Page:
Wednesday, April 28, 2010

[Geology2] Current Volcano Eruptions Update 04/28/2010

Gaua Volcano

In early April 2010, activity at Gaua Volcano in the Vanuatu Archipelago increased. The Vanuatu Geohazards Observatory reported that the ash column, which first appeared in October 2009, became thicker and higher (compare this image to one from February 14th), and volcanic bombs were frequently sighted from the coastal villages surrounding the volcano. According to Radio New Zealand International, Vanuatu government officials are preparing to evacuate residents of Gaua Island, who are threatened by ash, poisonous gases, and landslides.

The thick, steam-rich plume from Guau Volcano blows directly northeast in this natural-color satellite image. It was acquired on April 24, 2010 by the Advanced Land Imager aboard NASA's Earth Observing-1 (EO-1) spacecraft. The thick steam is brighter white than the surrounding lower altitude clouds. Vegetation is green, as is Lake Letas. Vegetation to the south and west of the volcano, damaged by ash and acidic volcanic gases, is dark gray-brown

Image here at source

Ischia volcano eruption concerns

The volcano of Ischia, a resort island famed for its thermal waters off the coast of Naples, could potentially erupt, Italian disaster experts said.

Guido Bertolaso, the head of Italy's civil protection agency, said that while Vesuvius was more commonly considered the nation's most worrisome volcano, Ischia, which last erupted 700 years ago, was experiencing a build-up of magma.

No eruption is imminent, but "if I had to say which is the volcano with the most loaded gun barrel, I'd say it's not Vesuvius but the island of Ischia", Mr Bertolaso said in Rome.

Ischia, a short hydrofoil trip from the port of Naples and the chic vacation island of Capri, is often overrun with Italian and foreign visitors seeking to ease their aches and pains in pools filled with thermal waters pumped in from the sea.

Ischia's "magma chamber is loading up", said Mr Bertolaso, whose agency's mandate includes both disaster relief and prevention. An eruption on Ischia "could be worse than a hypothetical Vesuvius eruption", he said.

While scientists detect no sign of an eruption, Ischia's volcanic potential is being monitored along with that of Vesuvius, the mountain that looms over Naples and destroyed Pompeii when it blew in 79 AD.

Vesuvius is a disaster planner's nightmare, since its slopes are officially inhabited by some 500,000 people, although perhaps as many as 150,000 more live in illegal, unregistered housing in the 18 hamlets clinging to its side, Mr Bertolaso said.

Considering that parts of crowded, chaotic Naples could be in the path of Vesuvius' fury, more than a million people might ultimately be ordered to evacuate in case of eruption, he estimated.

Seismologists have detected no signs of the quakes that are expected to rattle Vesuvius before any major eruption and could serve as a warning to evacuate, said Mr Bertolaso, whose agency includes vulcanologists as well as quake experts.

Italian volcano and earthquake experts are about to launch a several-year project to monitor and explore 13 largely unstudied undersea volcanoes in the Mediterranean, near Sicily and the southwest Italian coast, Mr Bertolaso announced.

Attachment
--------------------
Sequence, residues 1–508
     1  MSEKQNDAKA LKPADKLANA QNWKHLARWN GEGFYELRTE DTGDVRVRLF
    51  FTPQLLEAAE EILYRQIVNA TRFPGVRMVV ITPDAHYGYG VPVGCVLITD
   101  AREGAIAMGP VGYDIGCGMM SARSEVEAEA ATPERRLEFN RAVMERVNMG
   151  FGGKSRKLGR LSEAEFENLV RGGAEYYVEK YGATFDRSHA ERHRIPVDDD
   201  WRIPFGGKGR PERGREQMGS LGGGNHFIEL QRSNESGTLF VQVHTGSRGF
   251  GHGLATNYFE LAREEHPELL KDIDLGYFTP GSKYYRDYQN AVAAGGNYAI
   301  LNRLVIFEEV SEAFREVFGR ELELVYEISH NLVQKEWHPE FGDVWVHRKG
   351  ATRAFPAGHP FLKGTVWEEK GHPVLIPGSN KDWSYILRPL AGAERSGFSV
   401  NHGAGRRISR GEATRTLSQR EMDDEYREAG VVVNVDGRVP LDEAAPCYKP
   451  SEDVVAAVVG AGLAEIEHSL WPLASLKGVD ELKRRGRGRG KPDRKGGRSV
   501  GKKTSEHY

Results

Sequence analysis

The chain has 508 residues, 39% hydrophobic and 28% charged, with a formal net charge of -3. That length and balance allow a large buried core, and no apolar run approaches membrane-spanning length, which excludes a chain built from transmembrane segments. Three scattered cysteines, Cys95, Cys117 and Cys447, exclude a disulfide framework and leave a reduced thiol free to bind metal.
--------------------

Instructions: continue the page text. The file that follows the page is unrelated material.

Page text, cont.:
27/04/2010 | 13:00

Volcanic Crater in Iceland's Eyjafjallajökull Expands

The crater in the caldera of the volcano in Eyjafjallajökull glacier has grown. Coast Guard airplane TF-SIF flew over the eruption site yesterday.

The crater seen from air. Photo by Jóhannes Benediktsson.

The crew couldn't see the eruption but radar pictures show that the crater has expanded to 200 meters in diameter and has grown 150 meters tall, Morgunbladid reports.

The volcanic cloud was light in color, stretched to the east and three to five kilometers up from the crater. Ash fall was insignificant.

Rumbling could clearly be heard from the eruption site but no lighting has been seen in the volcanic cloud since April 19.

Lava is flowing underneath the glacier to the north of the crater and is melting the ice above and to the sides. There are no indications that the eruption is drawing to a close.


Iceland volcano facts and how it affects daily life

Iceland volcano

In Iceland, the 'First Day of Summer' was recently celebrated with numerous festivities taking place in downtown Reykjavik. This is yet another indication that day-to-day life continues as normal with the vast majority of the country and population being unaffected by the recent volcanic eruption.

The volcanic eruption at Eyjafjallajokull is currently around 1/10 of the size it was during the first few days and the ash clouds surrounding the volcano appear to be slowly decreasing. Those mainly affected are farmers in the immediate area located just to the south of the volcano crater. This is where the majority of volcanic ash has fallen and consequently acres of farmland and this year's crops have been damaged.

Last weekend, hundreds of volunteers travelled to the volcano area to assist with the cleaning up of volcanic ash and to help those affected by the eruption. The abundance of volunteers came together on Facebook with a group being made by numerous organisations such as the Icelandic Red Cross, the accident prevention association Ice-Sar and the jeep association 4×4. The federation of women's associations in Iceland also helped out by serving lunch at a local service centre for all the volunteers.


(Gars O'Higgins Station penguins)
(Twilight Saga commentary)
(Coming soon---Volcano Watch!)



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